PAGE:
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Freelancers are always encouraged to ask clients to refer them to others as a means of free advertising, but I don’t read much about cultivating peer referrals. In my experience as a freelance writer, this is a rich source of work leads, especially when you make […]

Freelancers are always encouraged to ask clients to refer them to others as a means of free advertising, but I don’t read much about cultivating peer referrals. In my experience as a freelance writer, this is a rich source of work leads, especially when you make friends with industry peers that are well-established and have to knock back work on a regular basis. If you play your cards right, any work they don’t have time to do can be offered to you instead.

It’s thanks to peer referrals that I went from having absolutely no work lined up when I left my full-time job as a magazine editor to having a full plate of regular work with relatively little effort on my part. I can count on one hand the number of times I’ve had to consciously go out looking for work.

Some of this I can attribute to lucky breaks – I was in the right place at the right time. But looking back I see patterns in how I go to this position, and all of it leads back to industry peers recommending me to editors and publications that they already had a strong relationship with. As the editor knew the person referring me (and most likely offered them the assignment in the first place), I was able to start writing for publications that I wouldn’t have been able to crack into if I had introduced myself to them off my own steam.

So how do you go about getting peers to refer you? Three things:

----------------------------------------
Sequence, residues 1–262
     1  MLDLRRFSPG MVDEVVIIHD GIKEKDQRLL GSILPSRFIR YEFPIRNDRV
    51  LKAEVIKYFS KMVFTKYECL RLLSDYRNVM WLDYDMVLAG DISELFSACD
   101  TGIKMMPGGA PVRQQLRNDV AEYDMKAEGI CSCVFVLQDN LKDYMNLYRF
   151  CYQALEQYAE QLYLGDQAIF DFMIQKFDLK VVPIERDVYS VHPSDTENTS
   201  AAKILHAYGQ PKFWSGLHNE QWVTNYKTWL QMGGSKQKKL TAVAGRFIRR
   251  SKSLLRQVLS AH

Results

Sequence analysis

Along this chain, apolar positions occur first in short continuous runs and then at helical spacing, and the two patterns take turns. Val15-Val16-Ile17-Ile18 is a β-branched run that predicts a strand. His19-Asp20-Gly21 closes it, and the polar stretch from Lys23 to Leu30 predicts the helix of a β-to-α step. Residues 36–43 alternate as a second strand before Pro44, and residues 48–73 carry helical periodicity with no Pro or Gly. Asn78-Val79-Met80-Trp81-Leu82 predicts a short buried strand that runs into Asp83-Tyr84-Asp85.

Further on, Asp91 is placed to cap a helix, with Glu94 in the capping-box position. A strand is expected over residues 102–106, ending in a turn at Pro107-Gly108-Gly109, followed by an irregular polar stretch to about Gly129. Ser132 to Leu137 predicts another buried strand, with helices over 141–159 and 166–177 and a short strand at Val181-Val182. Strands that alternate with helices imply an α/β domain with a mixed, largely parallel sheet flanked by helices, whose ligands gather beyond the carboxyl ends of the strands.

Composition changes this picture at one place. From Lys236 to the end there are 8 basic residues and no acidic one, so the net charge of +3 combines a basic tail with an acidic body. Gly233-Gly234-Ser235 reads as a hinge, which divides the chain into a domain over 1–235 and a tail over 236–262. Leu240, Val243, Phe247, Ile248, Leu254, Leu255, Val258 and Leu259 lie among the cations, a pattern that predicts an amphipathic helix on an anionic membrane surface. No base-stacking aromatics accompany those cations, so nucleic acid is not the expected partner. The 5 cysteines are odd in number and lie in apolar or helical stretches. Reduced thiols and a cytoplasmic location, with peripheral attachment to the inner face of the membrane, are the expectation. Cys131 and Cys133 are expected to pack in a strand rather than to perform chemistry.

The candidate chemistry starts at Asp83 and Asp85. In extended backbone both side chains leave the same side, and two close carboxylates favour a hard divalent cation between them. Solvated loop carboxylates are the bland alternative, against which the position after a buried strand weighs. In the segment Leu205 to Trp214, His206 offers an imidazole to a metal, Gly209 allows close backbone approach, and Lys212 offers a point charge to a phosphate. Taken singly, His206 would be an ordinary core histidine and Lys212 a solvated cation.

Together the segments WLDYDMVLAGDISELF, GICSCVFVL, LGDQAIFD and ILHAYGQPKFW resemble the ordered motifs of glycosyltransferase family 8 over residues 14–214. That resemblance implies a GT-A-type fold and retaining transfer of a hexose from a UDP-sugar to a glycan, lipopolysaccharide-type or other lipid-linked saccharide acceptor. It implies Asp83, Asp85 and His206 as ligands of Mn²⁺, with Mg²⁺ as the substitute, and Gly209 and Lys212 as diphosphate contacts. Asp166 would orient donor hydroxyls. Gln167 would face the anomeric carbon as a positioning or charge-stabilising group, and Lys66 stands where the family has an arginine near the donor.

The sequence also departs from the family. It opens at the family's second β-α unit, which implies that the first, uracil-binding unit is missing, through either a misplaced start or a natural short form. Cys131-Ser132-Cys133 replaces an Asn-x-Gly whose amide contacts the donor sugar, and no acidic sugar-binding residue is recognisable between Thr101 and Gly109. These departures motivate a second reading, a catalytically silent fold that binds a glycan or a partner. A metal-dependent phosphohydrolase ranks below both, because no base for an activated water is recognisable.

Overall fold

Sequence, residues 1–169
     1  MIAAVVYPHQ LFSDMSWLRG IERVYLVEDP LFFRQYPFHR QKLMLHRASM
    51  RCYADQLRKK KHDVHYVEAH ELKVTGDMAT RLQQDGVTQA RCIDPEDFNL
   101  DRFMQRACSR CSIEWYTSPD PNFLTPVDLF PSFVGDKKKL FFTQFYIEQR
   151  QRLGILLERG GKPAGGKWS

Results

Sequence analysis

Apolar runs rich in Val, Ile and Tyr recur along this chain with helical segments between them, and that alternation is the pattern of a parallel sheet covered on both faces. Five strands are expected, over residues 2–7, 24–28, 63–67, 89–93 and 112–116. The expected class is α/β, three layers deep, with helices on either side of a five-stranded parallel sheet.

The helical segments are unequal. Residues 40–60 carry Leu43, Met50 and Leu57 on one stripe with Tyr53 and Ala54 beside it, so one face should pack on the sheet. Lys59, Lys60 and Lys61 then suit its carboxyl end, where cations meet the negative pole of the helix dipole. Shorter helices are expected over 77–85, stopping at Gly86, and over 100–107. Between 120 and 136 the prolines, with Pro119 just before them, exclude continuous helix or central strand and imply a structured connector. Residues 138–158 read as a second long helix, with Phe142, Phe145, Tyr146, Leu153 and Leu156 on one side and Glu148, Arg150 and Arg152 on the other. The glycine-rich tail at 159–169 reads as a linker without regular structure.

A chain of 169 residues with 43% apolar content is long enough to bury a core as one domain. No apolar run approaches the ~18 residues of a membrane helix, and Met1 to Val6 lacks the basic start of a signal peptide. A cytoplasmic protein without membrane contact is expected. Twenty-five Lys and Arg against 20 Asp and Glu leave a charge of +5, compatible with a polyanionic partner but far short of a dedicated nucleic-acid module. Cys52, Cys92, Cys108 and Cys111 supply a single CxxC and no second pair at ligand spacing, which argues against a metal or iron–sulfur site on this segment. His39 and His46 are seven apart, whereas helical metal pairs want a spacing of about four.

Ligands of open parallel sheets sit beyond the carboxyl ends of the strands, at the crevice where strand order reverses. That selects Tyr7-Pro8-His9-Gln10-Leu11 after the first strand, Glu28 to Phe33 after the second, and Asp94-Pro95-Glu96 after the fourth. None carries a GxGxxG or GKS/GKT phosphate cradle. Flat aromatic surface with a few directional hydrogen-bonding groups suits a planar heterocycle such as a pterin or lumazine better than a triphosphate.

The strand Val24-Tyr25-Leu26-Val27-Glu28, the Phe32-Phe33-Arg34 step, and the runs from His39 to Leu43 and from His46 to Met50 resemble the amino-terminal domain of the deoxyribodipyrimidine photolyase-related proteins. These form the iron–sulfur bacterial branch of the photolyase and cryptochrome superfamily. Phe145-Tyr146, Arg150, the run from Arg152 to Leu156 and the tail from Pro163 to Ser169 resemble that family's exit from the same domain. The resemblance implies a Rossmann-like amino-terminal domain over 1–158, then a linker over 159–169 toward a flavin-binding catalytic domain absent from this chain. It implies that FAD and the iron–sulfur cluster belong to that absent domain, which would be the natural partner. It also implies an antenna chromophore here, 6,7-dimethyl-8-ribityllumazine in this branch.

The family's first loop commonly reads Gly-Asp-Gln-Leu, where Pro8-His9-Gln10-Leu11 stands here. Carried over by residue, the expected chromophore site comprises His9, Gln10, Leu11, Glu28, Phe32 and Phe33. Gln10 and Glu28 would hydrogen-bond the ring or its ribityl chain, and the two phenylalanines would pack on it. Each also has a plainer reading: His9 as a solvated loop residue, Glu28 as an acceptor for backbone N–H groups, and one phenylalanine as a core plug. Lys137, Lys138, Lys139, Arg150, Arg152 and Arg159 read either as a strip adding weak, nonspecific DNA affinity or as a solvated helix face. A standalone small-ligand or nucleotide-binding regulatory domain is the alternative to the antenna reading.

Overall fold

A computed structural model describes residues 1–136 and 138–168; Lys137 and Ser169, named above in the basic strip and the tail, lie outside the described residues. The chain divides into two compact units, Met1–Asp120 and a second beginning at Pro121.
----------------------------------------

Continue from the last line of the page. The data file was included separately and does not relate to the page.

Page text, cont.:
1. they need to know who you are
  2. they need to know what your specialty is
  3. they need to know that you’re good at what you do

Introducing yourself to peers can be done a number of ways.

  • Join the relevant industry mailing lists and forums and contribute to discussions so peers know what your expertise are.
  • Make it a habit of attending industry events so they get used to your face and remember you for the next time a work opportunity comes up.
  • Become an active commenter on their blogs.

In any creative industry, there are hundreds of hungry freelancers that are all keen for work. In my experience, peers are more likely to refer you if you can establish yourself as an expert in a particular niche. There’s always going to be someone better-qualified and with more experience than you in general, but if you promote yourself as the go-to person for a particular type of work (in my case it was gadget reviews), you’ll have a better chance of getting that referral.

Peers aren’t going to risk tarnishing their reputation by recommending someone whose work they’re not familiar with. Published work overcomes this hurdle easily, but there’s no shame in reminding peers what you’ve been working on the next time you see them at an industry function. I’ve found it’s a good icebreaker to first ask what projects they’ve been working on for the past few weeks, and then reciprocating with what you’ve been doing. They don’t even need to see your work first-hand, but knowing that you’ve been published in print or online boosts your credibility and it’s something they’ll remember the next time they’re in a position to refer someone.

Have you had any big assignments come about from a peer referring you to a client?

  1. TRUST is IMHO the most important issue for a web worker looking to find sustainable work online. As an occasional buyer of online services, I’m often drawn to peer referrals, but even better is when someone i know and trust recommends someone.

    this site http://www.ikarma.com/ is also a useful tool for building online reputation.

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  2. [...] The Power of Peer Referrals (Jenneth Orantia) [...]

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  3. [...] a recent article on peer referrals on Web Worker Daily, Jenneth Orantia writes: Peers aren’t going to risk tarnishing their reputation by recommending [...]

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  4. jenneth have a read of my blog..

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